When an individual has a long femur bone and short torso, this creates a longer cantilever on the descent. This increases spine angle, which can bring about excessive force on the lumbar discs. If the trunk stabilizers are weak or the load is too great, our cantilever (spine) will create a deflection (a rounded bend). This is where discomfort and injury can occur. And this is why it is important to work with a qualified movement professional such as a Certified Personal Trainer should be considered when starting an advanced lift like the back squat.

Front Squat

The front squat is a variation of the squat that has caught fire within the last 20 years among the mainstream. I would argue the explosion of Crossfit helped bring this wonderful lift to the every day fitness goer. And personally, I’m glad it has become a staple movement for many. As far as the movement, all principles and concerns discussed with the back squat apply to the front squat, with minors changes to the physics as it relates to motion.

Let’s quickly dive into some more biomechanics for this variation. The change occurs due to the placement of the barbell. Instead of the barbell placed on the back, the barbell is placed on the front of the shoulders above the chest. This changes the center of mass and which changes our center of gravity. As we descend into the squat, we are forced to maintain a more upright posture with our trunk to maintain our balance/center of gravity to counter the resistance that is pulling us forward. As we maintain a more upright posture, we increase the moment arm of the knee joint and decrease the moment arm of the hip joint. Conversely, if we allow our knees to naturally move forward (not excessively) on the descent of the squat, the angle of our torso is maintained in an upright position, helping us prevent our potential cantilever issue we discussed earlier. As our knees move forward to the toes, we are slightly increasing our knee’s moment arm. If we increase the knee’s moment arm while maintaining a vertical path of our resistance, this should theoretically decrease the stress on our knees via less compressive forces to the knee joint.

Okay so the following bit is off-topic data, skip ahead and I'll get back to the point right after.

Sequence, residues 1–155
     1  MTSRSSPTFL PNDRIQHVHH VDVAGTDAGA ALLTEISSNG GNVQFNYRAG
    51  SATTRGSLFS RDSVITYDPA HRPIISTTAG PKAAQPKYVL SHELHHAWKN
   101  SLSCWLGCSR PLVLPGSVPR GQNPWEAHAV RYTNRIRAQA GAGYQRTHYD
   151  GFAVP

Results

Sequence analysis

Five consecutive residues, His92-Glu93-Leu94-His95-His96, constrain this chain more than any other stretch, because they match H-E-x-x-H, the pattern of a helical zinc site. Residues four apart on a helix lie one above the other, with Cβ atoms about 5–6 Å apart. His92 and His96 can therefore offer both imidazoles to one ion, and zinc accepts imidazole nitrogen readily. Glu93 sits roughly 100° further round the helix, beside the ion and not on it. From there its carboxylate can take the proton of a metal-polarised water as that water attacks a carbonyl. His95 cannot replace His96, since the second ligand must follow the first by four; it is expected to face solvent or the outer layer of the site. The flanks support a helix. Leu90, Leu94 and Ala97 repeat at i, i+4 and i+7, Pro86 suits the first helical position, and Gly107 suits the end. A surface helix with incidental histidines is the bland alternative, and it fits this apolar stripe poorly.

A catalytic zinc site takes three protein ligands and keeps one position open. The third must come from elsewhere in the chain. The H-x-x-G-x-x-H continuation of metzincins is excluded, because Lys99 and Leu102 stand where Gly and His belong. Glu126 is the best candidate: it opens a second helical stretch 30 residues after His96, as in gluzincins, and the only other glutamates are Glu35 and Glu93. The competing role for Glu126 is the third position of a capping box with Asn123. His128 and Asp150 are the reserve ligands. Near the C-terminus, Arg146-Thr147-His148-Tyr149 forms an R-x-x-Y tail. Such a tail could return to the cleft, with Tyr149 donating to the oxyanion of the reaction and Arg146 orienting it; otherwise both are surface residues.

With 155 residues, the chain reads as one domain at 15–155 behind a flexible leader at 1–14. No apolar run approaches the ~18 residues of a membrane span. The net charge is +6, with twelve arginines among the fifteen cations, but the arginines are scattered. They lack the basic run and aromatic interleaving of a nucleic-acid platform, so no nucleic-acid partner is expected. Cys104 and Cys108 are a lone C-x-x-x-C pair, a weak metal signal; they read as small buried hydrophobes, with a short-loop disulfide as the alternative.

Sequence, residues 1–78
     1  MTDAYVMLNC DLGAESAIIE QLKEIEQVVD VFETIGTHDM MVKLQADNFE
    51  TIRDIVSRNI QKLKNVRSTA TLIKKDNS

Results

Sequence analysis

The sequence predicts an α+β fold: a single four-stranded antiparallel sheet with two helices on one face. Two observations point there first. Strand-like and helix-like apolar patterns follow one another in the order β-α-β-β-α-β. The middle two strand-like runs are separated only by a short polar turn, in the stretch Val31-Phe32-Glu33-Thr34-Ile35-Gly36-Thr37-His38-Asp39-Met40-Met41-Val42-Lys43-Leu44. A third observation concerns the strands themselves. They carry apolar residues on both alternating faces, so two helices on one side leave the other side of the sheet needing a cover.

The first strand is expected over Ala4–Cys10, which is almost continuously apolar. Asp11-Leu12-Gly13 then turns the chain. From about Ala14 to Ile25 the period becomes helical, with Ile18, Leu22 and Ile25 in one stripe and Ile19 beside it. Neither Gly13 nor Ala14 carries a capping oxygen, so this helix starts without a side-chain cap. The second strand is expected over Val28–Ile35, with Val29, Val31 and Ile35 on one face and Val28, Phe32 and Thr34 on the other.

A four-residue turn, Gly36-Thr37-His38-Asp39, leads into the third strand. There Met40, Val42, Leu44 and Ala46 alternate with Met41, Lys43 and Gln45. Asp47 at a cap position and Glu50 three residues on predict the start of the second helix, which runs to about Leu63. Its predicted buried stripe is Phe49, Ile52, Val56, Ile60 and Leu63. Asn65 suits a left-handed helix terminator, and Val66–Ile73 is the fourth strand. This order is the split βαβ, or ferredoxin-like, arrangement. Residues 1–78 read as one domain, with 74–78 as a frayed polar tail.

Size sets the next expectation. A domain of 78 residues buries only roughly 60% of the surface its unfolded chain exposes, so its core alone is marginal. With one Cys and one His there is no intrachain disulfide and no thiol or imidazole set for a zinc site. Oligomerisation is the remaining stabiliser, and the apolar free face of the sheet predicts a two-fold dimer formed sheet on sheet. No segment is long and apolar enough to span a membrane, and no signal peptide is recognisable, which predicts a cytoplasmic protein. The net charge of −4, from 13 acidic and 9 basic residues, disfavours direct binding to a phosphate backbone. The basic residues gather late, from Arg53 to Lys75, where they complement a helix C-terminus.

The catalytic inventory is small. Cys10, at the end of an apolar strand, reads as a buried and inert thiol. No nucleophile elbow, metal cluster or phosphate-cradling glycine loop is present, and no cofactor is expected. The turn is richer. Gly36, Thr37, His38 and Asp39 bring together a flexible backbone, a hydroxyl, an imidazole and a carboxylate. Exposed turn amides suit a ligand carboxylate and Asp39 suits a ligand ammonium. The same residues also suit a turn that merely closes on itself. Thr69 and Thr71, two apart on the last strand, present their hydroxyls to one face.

Let’s look at the difference of the squats with a study reference in the next section.

The Difference Between The Front Squat and Back Squat

We already acknowledged the difference of the placement of the barbell in the front squat and the back squat. Is one optimal over the other? It all depends on the needs and ability of the person. From a muscle activation and recruitment standpoint, they are no different. In a study by Gullet et al, “A biomechanical comparison of back and front squats in healthy trained individuals”, EMG (sensors used to assess muscle activation and recruitment) showed no difference between the two. So if the goal is to increase strength, hypertrophy, or power both versions will suffice. However in this same study, it was found that the back squat produced a statistically significant increase in compressive forces and knee extension moment arm force with the back squat. Put simply, more pressure to the knees. While more studies are needed, it appears the front squat could be ideal for individuals who need to take precaution for their knees. Other factors in deciding which squat is optimal are functional and sport specific. An example would be an olympic weightlifter. The front squat is a catch point, mid point, and set up position for lifts performed in olympic weight lifting, just as the back squat is a specific lift for the sport of power lifting. In these cases we would certainly choose accordingly.